Becoming a “taxi uncle” has traditionally been Singaporeans’ recession proof career strategy. Why work for peanuts in a menial job where you get screamed at by crazy people, and still have to deal with a boss breathing down your neck, when you can earn significantly more, work on an own-time-own-target basis and also have your own set of wheels?
For many people, including drastically increased numbers of young cabbies in their 30s, driving a taxi is the answer.
Now, thanks to the introduction of Uber and Grab, you don’t actually need to be a taxi uncle to make a living driving people around.
Often seen as lower risk and lower commitment than being a full-fledged cabby with taxi rent to pay and a vocational licence to obtain, scores of Singaporeans in between jobs or looking for a career change are taking to the streets in their purchased or rented cars.
So, if you’re serious about driving as a career, which is better?
At present, Uber and GrabCar drivers do not need to get a vocational licence, although that looks set to change next year. For now, the only costs they will have to bear involve the financing of their vehicles, whether by buying a car or renting one. Other costs, like the price of registering as a sole proprietor are rather minor.
On the other hand, taxi drivers must first bear the cost and time commitment required to get a vocational licence.
The price of the course at Singapore Taxi Academy has been reduced from $250 to $200, registration to take the test costs $10, while test fees are $5, down from $10.
The course is now 25 hours long, rather than the previous 60 hours. On top of that, drivers are also required to purchase training materials, which cost $50. All prices are also subject to 7% GST. All in all, that adds up to $283.55.
You will also need to fork out an additional $40 for your vocational licence.
Car rental for Uber and GrabCar drivers tends to be in the $60 to $65 range.
Uber and GrabCar drivers also have the option to purchase their own vehicle, which can actually be cheaper than renting if they buy a second hand car, intend to drive longterm and resell the car at the right time.
Taxi rental is also not cheap. The LTA website states rentals range from $75 to $105 per day. In reality, you should be prepared for prices to be on the high end of that range, with some models costing significantly more. Upon joining a company, drivers have to pay a security deposit (at Comfort DelGro this is $1,000) and an administrative fee.
While both taxi and third party drivers must fork out the cost of petrol on their own, taxi drivers benefit in this area since they can take advantage of lower diesel rates.
A lot has been said about how much you can earn as an Uber or GrabCar driver. Some people say you can comfortably earn enough to cover your vehicle rental without killing yourself, while others complain that it’s a big con.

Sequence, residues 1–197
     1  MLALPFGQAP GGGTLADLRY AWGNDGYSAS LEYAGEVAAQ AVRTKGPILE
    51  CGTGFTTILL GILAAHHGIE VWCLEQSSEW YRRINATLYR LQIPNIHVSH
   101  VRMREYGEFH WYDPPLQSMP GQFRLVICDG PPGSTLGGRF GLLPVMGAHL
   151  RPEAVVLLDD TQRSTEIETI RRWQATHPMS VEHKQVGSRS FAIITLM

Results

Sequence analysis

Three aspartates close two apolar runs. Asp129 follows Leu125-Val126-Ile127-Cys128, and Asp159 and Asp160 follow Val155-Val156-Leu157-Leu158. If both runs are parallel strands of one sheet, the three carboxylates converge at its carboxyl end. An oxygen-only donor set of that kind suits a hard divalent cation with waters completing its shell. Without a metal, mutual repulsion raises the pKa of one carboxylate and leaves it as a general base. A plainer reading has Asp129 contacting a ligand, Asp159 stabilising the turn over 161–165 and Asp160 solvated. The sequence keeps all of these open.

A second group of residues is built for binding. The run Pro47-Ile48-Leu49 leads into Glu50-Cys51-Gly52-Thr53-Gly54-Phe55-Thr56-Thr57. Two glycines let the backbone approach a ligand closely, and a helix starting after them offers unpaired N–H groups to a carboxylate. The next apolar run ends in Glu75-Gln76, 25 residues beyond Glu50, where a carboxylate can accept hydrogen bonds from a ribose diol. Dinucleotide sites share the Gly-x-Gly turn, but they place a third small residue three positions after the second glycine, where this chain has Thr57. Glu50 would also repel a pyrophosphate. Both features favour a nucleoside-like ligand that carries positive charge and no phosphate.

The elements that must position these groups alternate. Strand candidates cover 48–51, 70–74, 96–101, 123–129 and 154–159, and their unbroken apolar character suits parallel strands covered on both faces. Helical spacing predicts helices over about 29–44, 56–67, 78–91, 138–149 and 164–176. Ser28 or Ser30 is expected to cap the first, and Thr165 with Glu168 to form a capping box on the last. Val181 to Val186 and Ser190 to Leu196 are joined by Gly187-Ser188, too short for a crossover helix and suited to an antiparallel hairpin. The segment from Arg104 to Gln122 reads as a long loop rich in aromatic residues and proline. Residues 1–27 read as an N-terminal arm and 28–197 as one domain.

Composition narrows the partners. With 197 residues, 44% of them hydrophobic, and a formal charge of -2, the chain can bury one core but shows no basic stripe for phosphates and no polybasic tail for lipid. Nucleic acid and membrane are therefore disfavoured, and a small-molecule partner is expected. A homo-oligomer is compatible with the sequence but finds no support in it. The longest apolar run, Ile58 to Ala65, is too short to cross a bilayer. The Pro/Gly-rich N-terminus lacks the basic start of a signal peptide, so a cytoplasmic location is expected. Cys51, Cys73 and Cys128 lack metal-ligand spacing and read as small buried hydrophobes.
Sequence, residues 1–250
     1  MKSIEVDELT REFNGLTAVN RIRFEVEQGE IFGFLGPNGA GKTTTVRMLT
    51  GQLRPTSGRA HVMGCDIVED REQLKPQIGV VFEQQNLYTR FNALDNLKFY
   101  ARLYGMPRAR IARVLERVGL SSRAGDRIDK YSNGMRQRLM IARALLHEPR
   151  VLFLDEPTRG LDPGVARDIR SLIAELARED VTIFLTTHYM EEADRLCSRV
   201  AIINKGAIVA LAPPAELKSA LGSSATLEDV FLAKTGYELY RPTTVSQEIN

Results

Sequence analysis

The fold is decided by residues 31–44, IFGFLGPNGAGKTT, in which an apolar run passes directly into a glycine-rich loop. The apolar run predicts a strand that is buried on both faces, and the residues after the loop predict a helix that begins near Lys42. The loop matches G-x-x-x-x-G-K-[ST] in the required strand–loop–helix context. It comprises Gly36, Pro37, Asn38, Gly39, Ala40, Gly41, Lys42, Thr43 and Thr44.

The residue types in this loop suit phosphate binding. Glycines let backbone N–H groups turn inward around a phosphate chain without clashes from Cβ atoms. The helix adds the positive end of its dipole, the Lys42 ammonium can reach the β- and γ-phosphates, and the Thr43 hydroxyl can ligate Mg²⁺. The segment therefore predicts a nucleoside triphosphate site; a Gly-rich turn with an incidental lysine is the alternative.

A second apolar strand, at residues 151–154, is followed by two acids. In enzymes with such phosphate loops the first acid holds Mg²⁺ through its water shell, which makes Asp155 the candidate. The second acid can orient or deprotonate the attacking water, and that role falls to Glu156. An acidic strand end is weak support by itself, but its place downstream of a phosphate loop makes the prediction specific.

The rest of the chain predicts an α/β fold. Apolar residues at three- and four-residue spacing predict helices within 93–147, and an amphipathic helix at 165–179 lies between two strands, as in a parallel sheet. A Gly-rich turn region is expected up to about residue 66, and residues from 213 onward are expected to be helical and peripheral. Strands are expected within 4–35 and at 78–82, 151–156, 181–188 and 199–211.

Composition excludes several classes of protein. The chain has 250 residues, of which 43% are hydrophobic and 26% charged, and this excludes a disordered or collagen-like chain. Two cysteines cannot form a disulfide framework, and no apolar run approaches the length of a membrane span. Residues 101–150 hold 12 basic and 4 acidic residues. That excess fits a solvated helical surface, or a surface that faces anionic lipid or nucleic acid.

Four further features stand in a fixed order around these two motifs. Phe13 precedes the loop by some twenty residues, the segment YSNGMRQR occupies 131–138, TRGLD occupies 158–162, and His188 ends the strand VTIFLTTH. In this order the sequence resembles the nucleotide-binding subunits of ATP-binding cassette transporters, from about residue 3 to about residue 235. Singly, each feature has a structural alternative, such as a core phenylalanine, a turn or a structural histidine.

As a taxi driver, you get to keep whatever you earn so long as you pay your taxi rent. Uber drivers must pay 20% of their earnings to the company. So the price customers pay is indicative of how much drivers can earn.
Taxis are still cheaper for much of the time, while Uber and GrabCar rides tend to cost less after midnight and during peak hour. In addition, Uber and GrabCar drivers can also occasionally benefit from surge pricing.
Overall, for those who intend to ply the roads for many hours every day, it appears that taxis still offer better earning opportunities. A taxi driver at the wheel after midnight and during peak hour every day would probably earn more than an Uber or GrabCar driver who’s on the road for the same number of hours.
If you want to drive a taxi, you’d better be prepared to work hard. While you are free to set your own hours, you are subject to rules and regulations which will dictate the minimum distance you need to drive.
For instance, it is common for taxi companies to dictate that drivers hit an average of 250km per day in order to comply with LTA regulations. That’s a lot, when you consider the fact that some drivers who work for 12 hours a day can barely hit that target.
Uber and GrabCar drivers aren’t required to work a minimum number of hours or drive a minimum distance. They can even choose to keep their vehicles mostly for personal use, supplementing their income on the side with a bit of driving.
Taxi companies aren’t all evil. In order to attract drivers, the various companies might dangle incentives which usually include a few rental-free days, insurance and bonuses.
At the moment, it appears that those who are looking at chauffeuring as a full-time job and are prepared to put in 12 hours a day on the road are better off driving taxis, since there’s a greater supply of customers and full-time earnings tend to be higher.
But if you have a day job and are just driving in your spare time to cover the cost of your car or earn some pocket money, the only sensible option is to become a Uber or GrabCar driver, unless you have a body double or don’t sleep.
Would you rather become a taxi or a third party driver? Share your views in the comments!
Image Credit: Kevin Utting
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